Dave Jones defended his record and insisted that a change in manager was not the way forward for Sheffield Wednesday, despite their 4-1 defeat at home to Watford.
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The Owls lost for the fifth game in a row, leaving Jones, who guided them to promotion from npower League One last season, under severe pressure.
A run of just two victories from 17 league and cup matches has left Wednesday struggling in the relegation zone but Jones, who was roundly booed by the home fans, went on the defensive.
"Look at my record - I've never been in this situation before," he said.
"We're going through a very rough time. We've got to come out fighting and be strong and be brave.
"If people think somebody else will do a better job, go get him. And if he doesn't do it, then what? Go and get someone else?
"How many managers has this club had in the last 10-15 years? Ten or more? Chopping and changing isn't the right answer."
The former Cardiff boss, who took over from Gary Megson in March last year, insisted he had not lost the dressing room or any of the managerial know-how which saw him take the Bluebirds to within a whisker of promotion from the Championship two seasons running.
"I have not become a bad manager overnight and this thing about losing the dressing room makes for a nice line, but it's not the case," Jones said.
It started so promisingly for the hosts, who led after just three minutes courtesy of Michail Antonio's strike.
Within 15 minutes, the tone for the rest of the match was set as Wednesday switched off from a throw-in and Fernando Forestieri capitalised to steer home the equaliser.
And yet before half-time the hosts had a glorious chance to banish the descending mist of frustration, but succeeded only in worsening their plight.
Jay Bothroyd was fouled in the box by Daniel Pudil, who escaped with a yellow card, but Chris Lines, making his first start of the season, hit a tame penalty which Manuel Almunia saved with ease.
The second half saw Wednesday capitulate. Alexandre Geijo put Watford ahead with a free header from a set-piece and then Troy Deeney scored with his first touch after coming off the bench.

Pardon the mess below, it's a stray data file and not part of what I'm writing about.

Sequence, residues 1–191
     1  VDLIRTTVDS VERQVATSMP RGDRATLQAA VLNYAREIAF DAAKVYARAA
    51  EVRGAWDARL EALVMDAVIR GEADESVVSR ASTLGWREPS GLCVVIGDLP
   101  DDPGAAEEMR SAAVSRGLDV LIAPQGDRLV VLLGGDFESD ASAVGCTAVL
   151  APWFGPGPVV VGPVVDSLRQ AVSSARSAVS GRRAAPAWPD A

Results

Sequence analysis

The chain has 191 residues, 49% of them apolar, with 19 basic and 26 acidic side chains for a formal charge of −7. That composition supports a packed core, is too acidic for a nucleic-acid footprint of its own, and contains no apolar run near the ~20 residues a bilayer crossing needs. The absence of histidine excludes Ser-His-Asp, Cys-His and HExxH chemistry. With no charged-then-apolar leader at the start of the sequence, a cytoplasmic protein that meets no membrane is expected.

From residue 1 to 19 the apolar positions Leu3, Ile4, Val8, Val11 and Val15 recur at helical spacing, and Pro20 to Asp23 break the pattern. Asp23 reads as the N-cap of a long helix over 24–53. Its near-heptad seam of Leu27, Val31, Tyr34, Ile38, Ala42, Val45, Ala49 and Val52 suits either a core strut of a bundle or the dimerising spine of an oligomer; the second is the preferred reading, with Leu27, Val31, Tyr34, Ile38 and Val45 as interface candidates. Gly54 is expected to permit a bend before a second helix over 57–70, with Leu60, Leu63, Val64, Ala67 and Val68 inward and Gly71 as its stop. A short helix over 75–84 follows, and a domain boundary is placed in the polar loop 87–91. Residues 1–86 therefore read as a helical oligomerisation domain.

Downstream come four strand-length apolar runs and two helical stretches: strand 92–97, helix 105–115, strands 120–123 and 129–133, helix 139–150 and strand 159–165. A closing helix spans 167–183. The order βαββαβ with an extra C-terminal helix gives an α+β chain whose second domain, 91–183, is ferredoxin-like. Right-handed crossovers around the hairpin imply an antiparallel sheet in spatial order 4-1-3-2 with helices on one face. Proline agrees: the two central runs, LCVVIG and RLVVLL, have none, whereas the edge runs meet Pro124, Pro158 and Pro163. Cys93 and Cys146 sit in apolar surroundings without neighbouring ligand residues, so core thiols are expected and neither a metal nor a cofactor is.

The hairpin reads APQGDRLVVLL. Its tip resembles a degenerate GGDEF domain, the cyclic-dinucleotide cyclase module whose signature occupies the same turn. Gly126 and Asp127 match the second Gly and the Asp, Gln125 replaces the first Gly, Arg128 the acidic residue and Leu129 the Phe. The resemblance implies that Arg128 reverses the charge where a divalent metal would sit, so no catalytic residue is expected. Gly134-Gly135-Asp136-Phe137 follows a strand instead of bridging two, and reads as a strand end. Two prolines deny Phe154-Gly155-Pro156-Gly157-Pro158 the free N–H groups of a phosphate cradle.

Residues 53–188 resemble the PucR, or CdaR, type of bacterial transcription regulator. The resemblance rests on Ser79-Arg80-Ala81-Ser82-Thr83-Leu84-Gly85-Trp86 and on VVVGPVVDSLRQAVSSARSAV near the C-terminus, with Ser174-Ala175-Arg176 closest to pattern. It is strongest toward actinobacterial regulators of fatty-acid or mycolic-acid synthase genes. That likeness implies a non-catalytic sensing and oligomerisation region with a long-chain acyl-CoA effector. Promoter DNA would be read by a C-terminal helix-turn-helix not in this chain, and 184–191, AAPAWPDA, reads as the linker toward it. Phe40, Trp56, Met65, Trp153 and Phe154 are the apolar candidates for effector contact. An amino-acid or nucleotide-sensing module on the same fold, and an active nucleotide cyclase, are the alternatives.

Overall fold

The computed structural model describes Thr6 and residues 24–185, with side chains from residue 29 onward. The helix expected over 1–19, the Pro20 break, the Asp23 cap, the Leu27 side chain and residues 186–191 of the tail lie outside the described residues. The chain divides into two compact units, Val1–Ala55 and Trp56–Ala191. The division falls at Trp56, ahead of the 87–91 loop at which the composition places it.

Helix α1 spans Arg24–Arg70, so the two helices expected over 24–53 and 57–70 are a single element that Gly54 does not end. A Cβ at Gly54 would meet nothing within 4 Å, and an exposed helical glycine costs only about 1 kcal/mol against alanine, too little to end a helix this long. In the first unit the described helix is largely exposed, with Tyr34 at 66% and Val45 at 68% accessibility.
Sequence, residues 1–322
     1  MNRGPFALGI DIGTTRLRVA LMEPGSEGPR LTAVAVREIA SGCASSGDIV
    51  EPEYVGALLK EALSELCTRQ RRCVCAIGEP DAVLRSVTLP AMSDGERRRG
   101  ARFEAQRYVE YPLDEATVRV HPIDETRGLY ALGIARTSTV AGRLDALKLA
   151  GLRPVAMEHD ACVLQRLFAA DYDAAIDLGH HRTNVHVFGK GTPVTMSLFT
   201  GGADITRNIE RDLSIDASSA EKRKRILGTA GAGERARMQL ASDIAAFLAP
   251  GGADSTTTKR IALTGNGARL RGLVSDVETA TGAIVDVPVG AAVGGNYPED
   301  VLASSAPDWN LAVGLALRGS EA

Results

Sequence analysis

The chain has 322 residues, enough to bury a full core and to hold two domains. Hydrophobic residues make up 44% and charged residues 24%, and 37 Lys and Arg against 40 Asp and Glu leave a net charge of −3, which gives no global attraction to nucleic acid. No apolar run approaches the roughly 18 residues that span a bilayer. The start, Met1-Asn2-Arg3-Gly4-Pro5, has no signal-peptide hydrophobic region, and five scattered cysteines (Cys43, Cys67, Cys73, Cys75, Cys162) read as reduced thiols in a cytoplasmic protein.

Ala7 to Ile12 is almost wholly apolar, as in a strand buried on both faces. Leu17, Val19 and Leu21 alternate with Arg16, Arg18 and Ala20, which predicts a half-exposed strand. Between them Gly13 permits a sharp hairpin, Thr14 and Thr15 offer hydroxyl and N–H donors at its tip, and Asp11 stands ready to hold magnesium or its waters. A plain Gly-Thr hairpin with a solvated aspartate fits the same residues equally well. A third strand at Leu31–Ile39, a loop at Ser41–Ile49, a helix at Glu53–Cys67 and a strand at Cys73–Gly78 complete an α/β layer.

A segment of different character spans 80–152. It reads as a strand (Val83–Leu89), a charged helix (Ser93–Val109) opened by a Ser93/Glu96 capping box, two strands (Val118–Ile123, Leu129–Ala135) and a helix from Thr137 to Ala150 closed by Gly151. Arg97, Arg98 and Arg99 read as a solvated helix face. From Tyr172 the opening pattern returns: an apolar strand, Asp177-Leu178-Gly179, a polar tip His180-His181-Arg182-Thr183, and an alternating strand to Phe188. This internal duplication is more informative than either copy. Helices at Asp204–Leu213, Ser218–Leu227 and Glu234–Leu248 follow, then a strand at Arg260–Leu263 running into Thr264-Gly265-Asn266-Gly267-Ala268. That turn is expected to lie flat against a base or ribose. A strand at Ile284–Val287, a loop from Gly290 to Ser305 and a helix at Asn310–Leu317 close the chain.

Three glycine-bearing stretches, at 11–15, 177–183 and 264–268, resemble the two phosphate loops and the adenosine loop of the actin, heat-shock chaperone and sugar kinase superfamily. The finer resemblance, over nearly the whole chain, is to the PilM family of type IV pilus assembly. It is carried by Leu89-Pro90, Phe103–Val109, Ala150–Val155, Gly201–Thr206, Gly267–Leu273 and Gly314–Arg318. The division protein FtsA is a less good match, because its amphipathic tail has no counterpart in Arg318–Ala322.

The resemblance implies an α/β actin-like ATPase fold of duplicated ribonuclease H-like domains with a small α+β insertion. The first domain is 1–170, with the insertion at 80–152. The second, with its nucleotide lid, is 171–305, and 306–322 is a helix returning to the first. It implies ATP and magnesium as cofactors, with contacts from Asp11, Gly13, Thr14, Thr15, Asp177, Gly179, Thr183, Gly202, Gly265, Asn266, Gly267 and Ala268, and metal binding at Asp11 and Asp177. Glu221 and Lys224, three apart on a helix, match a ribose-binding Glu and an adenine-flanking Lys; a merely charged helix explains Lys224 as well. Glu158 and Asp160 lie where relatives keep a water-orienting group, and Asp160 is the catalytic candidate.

Mark Yeates rubbed salt into the wound with a stunning long-range strike and Bothroyd's late glaring miss was almost unnecessarily cruel on a stunned Jones, who was jeered moments earlier for bringing on Jermaine Johnson at right-back.
Jones was puzzled as to why Lines, who has been out for three months with a groin injury, took the penalty.
"We had a chance to get back in front, just score the penalty," he said.
"My argument with players is why did we allow a player who has been out for such a long time to take it?
"Credit to him for wanting it, but there are other players out there whose kicking would be cleaner and confidence would be higher.
"And people are asking why I brought JJ on at right-back - the right-back's hamstring is done. That's why."
The 56-year-old admitted that criticism was inevitable but said he would take it - although he revealed that some of his players were deserving of some too.
"We all have a responsibility," he said.
"People can have a go at me, I'll accept it - but I didn't make a bad pass, I didn't lose my man at a set-piece.
"I'll stand there and fight for them, but they've got to give me something back."
Understandably, Gianfranco Zola cut an altogether more contented figure.
The Hornets boss has led his side through an unbeaten November, taking 14 points from six matches.
"I am very happy, especially with the second half, it was a very good performance from us," he said.
"I'm delighted with the result. First half we faced a team that played in some spells some very good football.
"They created some problems for us. To come up with a result like that the performance has to be good."
He had some sympathy for his opposite number, but knows only too well the harsh realities of football management.
"I understand it's not easy to play your best football under pressure," Zola said.
"It's a difficult situation and one I've been in."
Asked if he had any words of comfort for Jones at the full-time whistle, Zola added: "I just shook his hand at the end.
"What can you do? This is part of the job. They need to find some tranquillity and they will be ok.
"They have some quality. They have to keep on working and sooner or later the results will come, I'm sure of this."